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First, let me state that no matter what I post on here, I am here SOLELY because of Capstone's recent venture into Oil and Gas. If Oil and Gas were to no longer buy their products, I'd be out immediately, regardless of loss/gain.

With that said, I agree, management is overly optimistic. Their backs, and the company's back, is against a wall. Perform or die. Everyone knows that. That's why despite the large orders coming in from Oil and Gas in Russia, nobody cares. The market is in 'show me' mode.

With that said, I cannot think of a better motivation to succeed than if you do not, that's about it, time to call it quits.

Capstone currently has a gross margin of 6%. The figure they're shooting for is 30%. Seems like a stretch right? The thing is that their revenue has been increasing higher and higher, with higher pricing adding to the margin in the backlog (turned over 12 months). If you could just apply a smaller margin to a larger revenue stream, then the same profitability effects may be achieved.

They burn $8M per quarter. That's their operating costs. 20% gross on 40M quarterly revenue, and bam, breakeven. We're at 6% gross now. Management said the backlog has higher margins baked into it, and they expect to squeeze only another 7% from price hikes on products. The bulk of the rest must come down to cost reduction. As you can see from the newswire reports, the orders are much larger, and in many cases to a single customer. I believe that this helps them streamline their costs because they can essentially mass produce the microturbine. Supposedly they are also changing the set-up of C200's within the ICU-90 connex that will cut costs as well. Maintenance plans bought by customers are also high margin items. Materials for older C200's are still on-hand as their warranties require them. As those older models are retrofitted and upgraded to newer standards, the costs of those parts can be eliminated. As warranty costs (act like a bell curve) on C200's taper off, then margins go up. Capstone is hiring logistics partners with the sole purpose of cutting costs on parts from China. Overseas warranty facilities have been made in Thailand and Britain so that every time a turbine breaks, it doesn't need to be sent by boat back to Cali. This is how I see costs being reduced, the largest factor of which will be fewer, larger orders to single customers. Mass production.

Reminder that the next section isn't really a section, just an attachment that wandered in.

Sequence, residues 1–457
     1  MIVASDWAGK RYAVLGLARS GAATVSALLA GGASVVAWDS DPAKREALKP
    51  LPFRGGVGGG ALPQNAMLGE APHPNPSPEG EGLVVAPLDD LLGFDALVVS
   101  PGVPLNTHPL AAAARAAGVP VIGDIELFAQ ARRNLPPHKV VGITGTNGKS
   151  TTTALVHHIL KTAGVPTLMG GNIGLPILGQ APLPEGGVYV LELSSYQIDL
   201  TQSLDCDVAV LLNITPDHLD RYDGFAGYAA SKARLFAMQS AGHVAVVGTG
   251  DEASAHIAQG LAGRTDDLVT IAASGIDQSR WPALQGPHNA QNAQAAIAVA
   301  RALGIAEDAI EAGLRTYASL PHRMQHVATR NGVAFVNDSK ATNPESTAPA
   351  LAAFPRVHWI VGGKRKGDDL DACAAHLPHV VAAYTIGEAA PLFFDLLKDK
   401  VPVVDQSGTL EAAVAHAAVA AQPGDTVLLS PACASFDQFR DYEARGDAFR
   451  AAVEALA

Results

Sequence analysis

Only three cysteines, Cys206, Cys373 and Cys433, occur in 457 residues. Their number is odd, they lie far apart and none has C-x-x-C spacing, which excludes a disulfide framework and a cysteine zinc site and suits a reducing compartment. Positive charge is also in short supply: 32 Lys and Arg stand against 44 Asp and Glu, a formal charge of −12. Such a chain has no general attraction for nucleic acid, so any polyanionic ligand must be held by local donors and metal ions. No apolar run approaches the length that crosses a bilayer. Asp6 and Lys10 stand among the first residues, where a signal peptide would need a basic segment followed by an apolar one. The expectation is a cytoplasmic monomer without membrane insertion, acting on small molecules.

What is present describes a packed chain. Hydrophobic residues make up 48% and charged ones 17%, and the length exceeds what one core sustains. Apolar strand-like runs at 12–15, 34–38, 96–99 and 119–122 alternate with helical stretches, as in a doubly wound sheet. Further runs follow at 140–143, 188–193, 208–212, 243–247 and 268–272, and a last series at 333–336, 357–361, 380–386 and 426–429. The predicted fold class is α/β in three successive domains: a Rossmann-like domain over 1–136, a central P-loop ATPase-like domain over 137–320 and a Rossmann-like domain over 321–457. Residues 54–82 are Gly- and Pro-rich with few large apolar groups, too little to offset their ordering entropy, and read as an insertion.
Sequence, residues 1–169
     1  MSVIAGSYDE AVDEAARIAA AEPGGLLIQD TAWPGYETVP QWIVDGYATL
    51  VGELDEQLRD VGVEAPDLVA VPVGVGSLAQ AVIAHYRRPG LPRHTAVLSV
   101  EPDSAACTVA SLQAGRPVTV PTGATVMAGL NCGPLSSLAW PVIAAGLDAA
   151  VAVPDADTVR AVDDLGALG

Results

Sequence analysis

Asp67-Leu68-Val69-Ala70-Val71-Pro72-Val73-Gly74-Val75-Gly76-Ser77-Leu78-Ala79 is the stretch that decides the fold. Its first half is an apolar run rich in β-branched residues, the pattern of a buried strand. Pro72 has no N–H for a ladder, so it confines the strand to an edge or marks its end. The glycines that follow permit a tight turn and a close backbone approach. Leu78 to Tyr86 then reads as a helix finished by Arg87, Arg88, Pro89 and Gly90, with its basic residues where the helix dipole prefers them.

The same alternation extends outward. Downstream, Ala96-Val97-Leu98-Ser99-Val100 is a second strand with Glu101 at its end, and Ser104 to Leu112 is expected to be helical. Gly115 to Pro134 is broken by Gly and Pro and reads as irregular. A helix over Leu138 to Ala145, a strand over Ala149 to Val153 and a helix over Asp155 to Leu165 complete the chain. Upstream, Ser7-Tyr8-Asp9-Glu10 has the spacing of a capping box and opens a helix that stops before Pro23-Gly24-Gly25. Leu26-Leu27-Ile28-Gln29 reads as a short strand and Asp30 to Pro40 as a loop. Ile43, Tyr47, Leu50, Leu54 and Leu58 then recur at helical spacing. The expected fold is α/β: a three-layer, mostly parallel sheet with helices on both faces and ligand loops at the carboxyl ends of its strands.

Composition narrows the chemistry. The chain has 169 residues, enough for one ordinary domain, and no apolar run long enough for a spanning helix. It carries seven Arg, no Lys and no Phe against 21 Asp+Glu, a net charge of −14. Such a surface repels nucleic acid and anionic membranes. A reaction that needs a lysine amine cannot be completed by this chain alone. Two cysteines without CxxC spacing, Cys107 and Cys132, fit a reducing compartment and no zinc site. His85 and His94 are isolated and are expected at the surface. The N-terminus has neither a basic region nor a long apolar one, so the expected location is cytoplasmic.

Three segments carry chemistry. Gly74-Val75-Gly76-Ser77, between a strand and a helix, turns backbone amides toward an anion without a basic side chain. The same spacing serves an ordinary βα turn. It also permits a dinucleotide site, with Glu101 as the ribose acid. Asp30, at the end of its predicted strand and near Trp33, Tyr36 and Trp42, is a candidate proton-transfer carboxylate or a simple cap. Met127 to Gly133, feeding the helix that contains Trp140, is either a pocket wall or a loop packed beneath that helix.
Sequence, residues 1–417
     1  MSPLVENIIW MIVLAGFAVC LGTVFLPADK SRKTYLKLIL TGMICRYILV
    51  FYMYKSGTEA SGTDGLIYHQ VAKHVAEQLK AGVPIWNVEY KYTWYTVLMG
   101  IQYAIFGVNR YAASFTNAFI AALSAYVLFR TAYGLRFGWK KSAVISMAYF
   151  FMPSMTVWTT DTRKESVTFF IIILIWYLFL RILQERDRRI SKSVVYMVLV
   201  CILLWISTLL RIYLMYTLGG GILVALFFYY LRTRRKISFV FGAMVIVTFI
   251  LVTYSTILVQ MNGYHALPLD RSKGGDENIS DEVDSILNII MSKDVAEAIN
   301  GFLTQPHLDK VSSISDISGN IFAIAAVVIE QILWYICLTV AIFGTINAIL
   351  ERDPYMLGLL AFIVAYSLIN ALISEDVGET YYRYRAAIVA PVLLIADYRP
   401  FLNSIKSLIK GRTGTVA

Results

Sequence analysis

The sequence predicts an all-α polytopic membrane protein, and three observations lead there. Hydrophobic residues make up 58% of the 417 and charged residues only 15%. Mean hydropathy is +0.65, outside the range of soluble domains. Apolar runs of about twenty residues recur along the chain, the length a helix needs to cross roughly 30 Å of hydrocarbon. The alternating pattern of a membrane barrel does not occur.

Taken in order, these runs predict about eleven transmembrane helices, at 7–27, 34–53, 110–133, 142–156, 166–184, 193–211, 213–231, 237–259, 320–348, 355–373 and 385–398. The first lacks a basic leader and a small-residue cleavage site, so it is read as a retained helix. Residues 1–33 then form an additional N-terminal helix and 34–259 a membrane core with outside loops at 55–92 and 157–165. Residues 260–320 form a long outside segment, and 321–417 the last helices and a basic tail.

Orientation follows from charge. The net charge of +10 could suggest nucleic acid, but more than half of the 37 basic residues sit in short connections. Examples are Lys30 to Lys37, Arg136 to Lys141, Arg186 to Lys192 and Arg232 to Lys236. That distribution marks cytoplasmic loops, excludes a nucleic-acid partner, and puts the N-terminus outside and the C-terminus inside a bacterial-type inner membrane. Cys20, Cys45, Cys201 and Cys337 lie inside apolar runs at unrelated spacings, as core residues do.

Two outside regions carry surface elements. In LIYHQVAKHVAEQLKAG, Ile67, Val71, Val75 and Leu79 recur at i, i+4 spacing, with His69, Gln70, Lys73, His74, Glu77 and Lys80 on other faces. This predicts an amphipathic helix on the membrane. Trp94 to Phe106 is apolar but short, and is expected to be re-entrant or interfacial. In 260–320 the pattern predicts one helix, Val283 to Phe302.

As for my own personal concerns, the only one I have is cash. You must have enough cash on hand to bridge costs. With the warrants exercised, it'll be interesting to see how these cash positions stand. So long as they keep increasing their borrowing base, they can always lever that through wells fargo, and grow some more, in the most difficult market in decades..

This company has a LONG history of dilution and destruction of shareholder capital, as I'm sure you've witnessed, but Oil and Gas entry into the sales picture changed this from a watchlist stock to a stock that I actually own now.

I have roughly 60k now at 1.07 PPS. I feel the risk/reward is not as extreme as passing glances might think.

The market is in 'show me' mode though.

So we will see...
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